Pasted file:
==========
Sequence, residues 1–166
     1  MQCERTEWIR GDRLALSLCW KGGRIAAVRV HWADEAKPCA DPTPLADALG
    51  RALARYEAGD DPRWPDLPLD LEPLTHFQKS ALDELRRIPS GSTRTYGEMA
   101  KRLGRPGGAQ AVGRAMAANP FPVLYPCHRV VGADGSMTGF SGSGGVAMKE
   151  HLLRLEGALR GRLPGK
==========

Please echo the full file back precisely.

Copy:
Sequence, residues 1–166
     1  MQCERTEWIR GDRLALSLCW KGGRIAAVRV HWADEAKPCA DPTPLADALG
    51  RALARYEAGD DPRWPDLPLD LEPLTHFQKS ALDELRRIPS GSTRTYGEMA
   101  KRLGRPGGAQ AVGRAMAANP FPVLYPCHRV VGADGSMTGF SGSGGVAMKE
   151  HLLRLEGALR GRLPGK